The trouble with the phrase "hate speech" lies in both the ambiguity and the vagueness of the word "hate" itself. "Hate speech" in its core sense (this is the motte) is speech that is motivated by the speaker's own bigoted hatred, but in an ancillary sense (this is the bailey), it means speech that we hate, because in our possibly incorrect opinion we think it is motivated by bigotry (but maybe it isn't). The phrase "hate speech" is also vague and useless because hate comes in degrees, with shifting objects. If I am irritated by Albanians and very mildly diss them, am I guilty of hate speech? Maybe. Jews? Almost certainly. What about white male southerners? Well, what's the answer there? And what if I really strongly hate a group that it is popular to hate, e.g., rapists?

There's much more to be said about this phrase, but here's the point. If government and regulators took Zuckerberg's call for hate speech legislation to heart, what rules would they use? Wouldn't they, quite naturally, shift according to political and religious sentiments? Wouldn't such regulations become a dangerous political football? Would there be any way to ensure it applies fairly across groups—bearing in mind that there is also a Fourteenth Amendment that legally requires such fairness? Surely we don't want the U.S. legal system subject to the same sort of spectacle that besets Canada and the U.K., in which people are prosecuted for criticizing some groups, while very similar criticism of other, unprotected groups goes unpunished?

But precisely that is, presumably, what Zuckerberg wants to happen. He doesn't want to be responsible for shutting down the likes of Diamond and Silk, or Ben Shapiro. That, he has discovered, is an extremely unpopular move; but he's deeply concerned about hate speech; so he would much rather the government do it.

If you want to say I'm not being fair to Zuckerberg or to those who want hate speech laws in the U.S., that of course you wouldn't dream of shutting down mainstream conservatives like this, I point you back to the motte and bailey. We, staunch defenders of free speech, can't trust you. We know about motte and bailey tactics. We know that, if not you, then plenty of your left-wing allies in government and media—who knows, maybe Kara Swisher—would advocate for government shutting down Ben Shapiro. That would be a win. The strategy is clear: find the edgiest thing he has said, label it "hate speech," and use it to argue that he poses a danger to others on the platform, so he should be deplatformed. Or just make an example of a few others like him. That might be enough for the much-desired chilling effect.

Even if you were to come out with an admirably clear and limited definition of "hate speech," which does not include mainstream conservatives and which would include some "hateful," extreme left-wing speech, that wouldn't help much. If the government adopted such "reasonable" regulations, it would be cold comfort. Once the cow has left the barn, once any hate speech law is passed, it's all too easy for someone to make subtle redefinitions of key terms to allow for viewpoint censorship. Then it's only a matter of time.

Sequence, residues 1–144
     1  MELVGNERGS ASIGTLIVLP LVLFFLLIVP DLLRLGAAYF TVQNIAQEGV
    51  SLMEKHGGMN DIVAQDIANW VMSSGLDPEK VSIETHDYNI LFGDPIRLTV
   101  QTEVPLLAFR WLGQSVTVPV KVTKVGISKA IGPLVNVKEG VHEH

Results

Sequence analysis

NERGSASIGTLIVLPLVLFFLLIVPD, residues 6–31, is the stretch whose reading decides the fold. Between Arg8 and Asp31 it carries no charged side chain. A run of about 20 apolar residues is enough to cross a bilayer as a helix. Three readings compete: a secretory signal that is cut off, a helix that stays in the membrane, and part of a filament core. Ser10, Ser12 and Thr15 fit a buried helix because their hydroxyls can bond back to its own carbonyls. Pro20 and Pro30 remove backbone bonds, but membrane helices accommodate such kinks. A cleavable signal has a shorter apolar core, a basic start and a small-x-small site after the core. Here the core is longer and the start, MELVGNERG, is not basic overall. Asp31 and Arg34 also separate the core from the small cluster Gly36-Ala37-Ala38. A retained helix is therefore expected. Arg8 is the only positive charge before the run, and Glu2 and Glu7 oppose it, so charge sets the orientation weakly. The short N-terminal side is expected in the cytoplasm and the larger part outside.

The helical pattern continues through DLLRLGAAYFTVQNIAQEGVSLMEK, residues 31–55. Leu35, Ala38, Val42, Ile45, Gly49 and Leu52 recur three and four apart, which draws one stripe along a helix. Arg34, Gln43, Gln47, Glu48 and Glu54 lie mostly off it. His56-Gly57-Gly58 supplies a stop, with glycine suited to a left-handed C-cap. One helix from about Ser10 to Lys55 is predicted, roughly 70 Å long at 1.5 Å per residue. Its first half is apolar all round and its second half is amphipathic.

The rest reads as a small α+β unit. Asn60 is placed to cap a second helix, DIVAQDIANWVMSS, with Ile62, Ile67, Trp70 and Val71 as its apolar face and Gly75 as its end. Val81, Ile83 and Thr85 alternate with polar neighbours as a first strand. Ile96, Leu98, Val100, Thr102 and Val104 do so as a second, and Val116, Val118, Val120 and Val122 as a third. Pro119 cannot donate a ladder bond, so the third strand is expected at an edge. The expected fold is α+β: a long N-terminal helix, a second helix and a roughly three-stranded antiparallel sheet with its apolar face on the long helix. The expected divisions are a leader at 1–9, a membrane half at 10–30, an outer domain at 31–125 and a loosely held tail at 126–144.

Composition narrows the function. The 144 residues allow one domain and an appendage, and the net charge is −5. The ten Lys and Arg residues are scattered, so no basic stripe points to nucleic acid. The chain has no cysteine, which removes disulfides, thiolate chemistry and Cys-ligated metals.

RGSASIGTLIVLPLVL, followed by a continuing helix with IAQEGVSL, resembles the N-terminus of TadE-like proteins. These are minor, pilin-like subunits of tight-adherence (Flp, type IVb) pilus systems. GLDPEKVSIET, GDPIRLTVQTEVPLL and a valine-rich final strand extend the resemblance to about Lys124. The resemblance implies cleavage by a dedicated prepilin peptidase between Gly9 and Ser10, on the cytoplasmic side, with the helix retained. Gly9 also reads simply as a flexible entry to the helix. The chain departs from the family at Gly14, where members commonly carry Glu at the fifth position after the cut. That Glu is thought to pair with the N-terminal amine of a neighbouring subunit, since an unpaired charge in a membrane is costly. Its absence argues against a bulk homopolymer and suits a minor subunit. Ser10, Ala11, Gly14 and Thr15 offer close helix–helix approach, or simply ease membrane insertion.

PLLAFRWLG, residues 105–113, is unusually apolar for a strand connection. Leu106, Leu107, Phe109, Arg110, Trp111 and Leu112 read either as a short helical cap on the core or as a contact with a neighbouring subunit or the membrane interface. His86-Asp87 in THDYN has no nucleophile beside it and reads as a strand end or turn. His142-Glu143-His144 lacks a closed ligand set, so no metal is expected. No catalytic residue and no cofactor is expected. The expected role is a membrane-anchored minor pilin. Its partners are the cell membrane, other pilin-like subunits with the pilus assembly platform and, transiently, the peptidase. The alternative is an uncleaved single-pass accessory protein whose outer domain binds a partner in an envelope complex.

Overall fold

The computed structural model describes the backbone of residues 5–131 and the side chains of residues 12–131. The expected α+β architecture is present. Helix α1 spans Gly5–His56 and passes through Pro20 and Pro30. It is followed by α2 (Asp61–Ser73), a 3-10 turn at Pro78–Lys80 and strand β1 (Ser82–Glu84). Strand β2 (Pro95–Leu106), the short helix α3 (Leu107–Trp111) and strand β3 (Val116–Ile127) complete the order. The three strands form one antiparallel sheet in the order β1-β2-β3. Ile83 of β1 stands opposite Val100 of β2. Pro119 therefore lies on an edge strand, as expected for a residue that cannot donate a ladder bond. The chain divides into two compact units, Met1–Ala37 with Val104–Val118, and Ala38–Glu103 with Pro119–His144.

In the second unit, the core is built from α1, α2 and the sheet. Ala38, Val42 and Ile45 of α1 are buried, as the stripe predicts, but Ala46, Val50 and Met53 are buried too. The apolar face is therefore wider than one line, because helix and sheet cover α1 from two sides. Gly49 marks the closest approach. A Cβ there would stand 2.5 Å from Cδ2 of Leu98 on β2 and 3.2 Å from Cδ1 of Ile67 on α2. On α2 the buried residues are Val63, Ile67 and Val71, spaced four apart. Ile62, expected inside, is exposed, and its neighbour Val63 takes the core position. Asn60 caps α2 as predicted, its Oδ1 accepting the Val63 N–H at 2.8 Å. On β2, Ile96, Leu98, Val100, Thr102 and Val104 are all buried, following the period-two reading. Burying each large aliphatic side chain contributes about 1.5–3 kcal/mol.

It's sad that it has come to this—that one of the most powerful Americans in the world suggests that we use the awesome power of law and government to regulate speech, to shut down "hate speech," a fundamentally obscure weasel word that can, ultimately, be used to shut down any speech we dislike—which after all is why the word is used. It's sad not only that this is what he has suggested, but that I have to point it out, and that it seems transgressive to, well, defend free speech. But very well then, I'll be transgressive; I'd say that those who agree with me now have an obligation to be transgressive in just this way.

We can only hope that, with Facebook executives heading for the exits and Facebook widely criticized, Zuckerberg's entirely wrongheaded call for (more) censorship will be ignored by federal and state governments. Don't count on it, though.

But maybe, censorship should be privatized

Facebook is also, Zuckerberg says, "creating an independent body so people can appeal our decisions." This is probably a legal ploy to avoid taking responsibility for censorship decisions, which would make it possible to regulate Facebook as a publisher, not just a platform. Of course, if the DMCA were replaced by some new regulatory framework, then Facebook might not have to give up control, because under the new framework, viewpoint censorship might not make them into publishers.

Of course, whether in the hands of a super-powerful central committee such as Zuckerberg is building, a giant corporation, or the government, we can expect censorship decisions to be highly politicized, to create an elite of censors and rank-and-file thought police to keep us plebs in line. Just imagine if all of the many conservative pages and individuals temporarily blocked or permanently banned by Facebook had to satisfy some third party tribunal.

One idea is for third-party bodies [i.e., not just one for Facebook] to set standards governing the distribution of harmful content and measure companies against those standards. Regulation could set baselines for what's prohibited and require companies to build systems for keeping harmful content to a bare minimum.